Running, walking, biking, swimming, salsa dancing and so forth work your cardiovascular fitness.
Weightlifting provides strength. Free weights as opposed to Nautilus machines improve your balance as well as your muscles.
Tai Chi and yoga improve flexibility and balance.
Calisthenics tend to improve all three areas at the same time, especially if you wear ankle and wrist weights when you're exercising, which I do.

So what exercises do you do? Inquiring minds want to know!

A systematic yet simple exercise program? Nice -- thank you for the tip!

If anyone gets tired of restarting timers for each phase, here are links to animated GIFs to take care of it:



We've been doing the Royal Canadian 5BX/XBX for a week or so now and it really works.

It combines calisthenics with intensity because of the time limitations. Trying to get all those exercises done in the time limit can be a challenge at the higher levels.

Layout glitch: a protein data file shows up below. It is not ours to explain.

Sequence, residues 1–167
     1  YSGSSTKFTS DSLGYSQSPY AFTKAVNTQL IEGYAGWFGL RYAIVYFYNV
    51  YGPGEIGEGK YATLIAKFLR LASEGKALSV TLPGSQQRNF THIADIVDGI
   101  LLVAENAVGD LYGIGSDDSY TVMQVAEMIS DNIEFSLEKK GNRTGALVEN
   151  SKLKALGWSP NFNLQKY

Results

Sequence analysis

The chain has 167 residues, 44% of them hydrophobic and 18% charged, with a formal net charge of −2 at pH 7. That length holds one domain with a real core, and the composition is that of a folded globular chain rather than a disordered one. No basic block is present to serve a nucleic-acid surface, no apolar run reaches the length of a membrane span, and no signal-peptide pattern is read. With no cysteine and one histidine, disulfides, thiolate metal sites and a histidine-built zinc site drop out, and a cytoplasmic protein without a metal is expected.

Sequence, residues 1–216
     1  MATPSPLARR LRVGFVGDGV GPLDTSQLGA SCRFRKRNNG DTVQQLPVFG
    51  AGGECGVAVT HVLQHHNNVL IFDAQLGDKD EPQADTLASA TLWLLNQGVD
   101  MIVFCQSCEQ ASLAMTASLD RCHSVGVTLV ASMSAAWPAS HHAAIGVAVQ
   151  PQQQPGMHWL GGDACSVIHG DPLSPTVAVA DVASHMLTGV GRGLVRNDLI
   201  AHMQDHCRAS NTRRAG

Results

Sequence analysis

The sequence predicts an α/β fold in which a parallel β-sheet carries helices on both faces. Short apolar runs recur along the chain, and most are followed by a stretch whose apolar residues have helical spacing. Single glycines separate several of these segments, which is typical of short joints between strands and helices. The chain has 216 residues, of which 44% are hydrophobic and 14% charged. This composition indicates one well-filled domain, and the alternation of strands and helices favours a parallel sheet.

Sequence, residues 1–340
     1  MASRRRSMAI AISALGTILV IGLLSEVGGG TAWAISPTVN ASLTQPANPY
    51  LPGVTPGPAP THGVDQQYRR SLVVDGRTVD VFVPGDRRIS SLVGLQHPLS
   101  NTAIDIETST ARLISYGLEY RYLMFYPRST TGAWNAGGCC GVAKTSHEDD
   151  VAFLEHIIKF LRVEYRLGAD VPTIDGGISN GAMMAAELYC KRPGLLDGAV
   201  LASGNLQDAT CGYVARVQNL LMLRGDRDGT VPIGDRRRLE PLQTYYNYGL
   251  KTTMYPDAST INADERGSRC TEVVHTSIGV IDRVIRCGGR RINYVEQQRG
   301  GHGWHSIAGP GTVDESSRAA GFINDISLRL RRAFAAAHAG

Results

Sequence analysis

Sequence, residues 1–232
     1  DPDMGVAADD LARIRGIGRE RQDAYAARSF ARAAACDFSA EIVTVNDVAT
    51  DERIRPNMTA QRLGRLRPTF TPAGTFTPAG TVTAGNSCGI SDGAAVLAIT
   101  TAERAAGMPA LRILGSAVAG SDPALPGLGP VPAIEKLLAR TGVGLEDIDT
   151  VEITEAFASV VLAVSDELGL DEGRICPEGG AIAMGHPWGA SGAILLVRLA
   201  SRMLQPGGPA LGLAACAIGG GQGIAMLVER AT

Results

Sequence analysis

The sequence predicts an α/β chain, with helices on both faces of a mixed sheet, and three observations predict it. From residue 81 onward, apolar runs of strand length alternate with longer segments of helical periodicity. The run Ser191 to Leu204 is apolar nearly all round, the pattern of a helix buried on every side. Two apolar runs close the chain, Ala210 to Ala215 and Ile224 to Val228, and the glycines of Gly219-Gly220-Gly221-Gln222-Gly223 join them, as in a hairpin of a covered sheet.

The women's program has many more exercises than the men's and they are not the same at all. They seem more aimed at flexibility and toning. I still work up a sweat, pushing myself to complete the given number of reps in the time alloted.

Teresa, thanks for mentioning this over on JMG's other blog a while back. I've been doing XBX for a month now and I've actually been DOING it for a month! Nothing else has stuck quite so well as this one. I'd been looking for something so basic yet scalable (up) as I got stronger, but everything I'd seen previously was simply basic and only basic, or already kind of intimidating.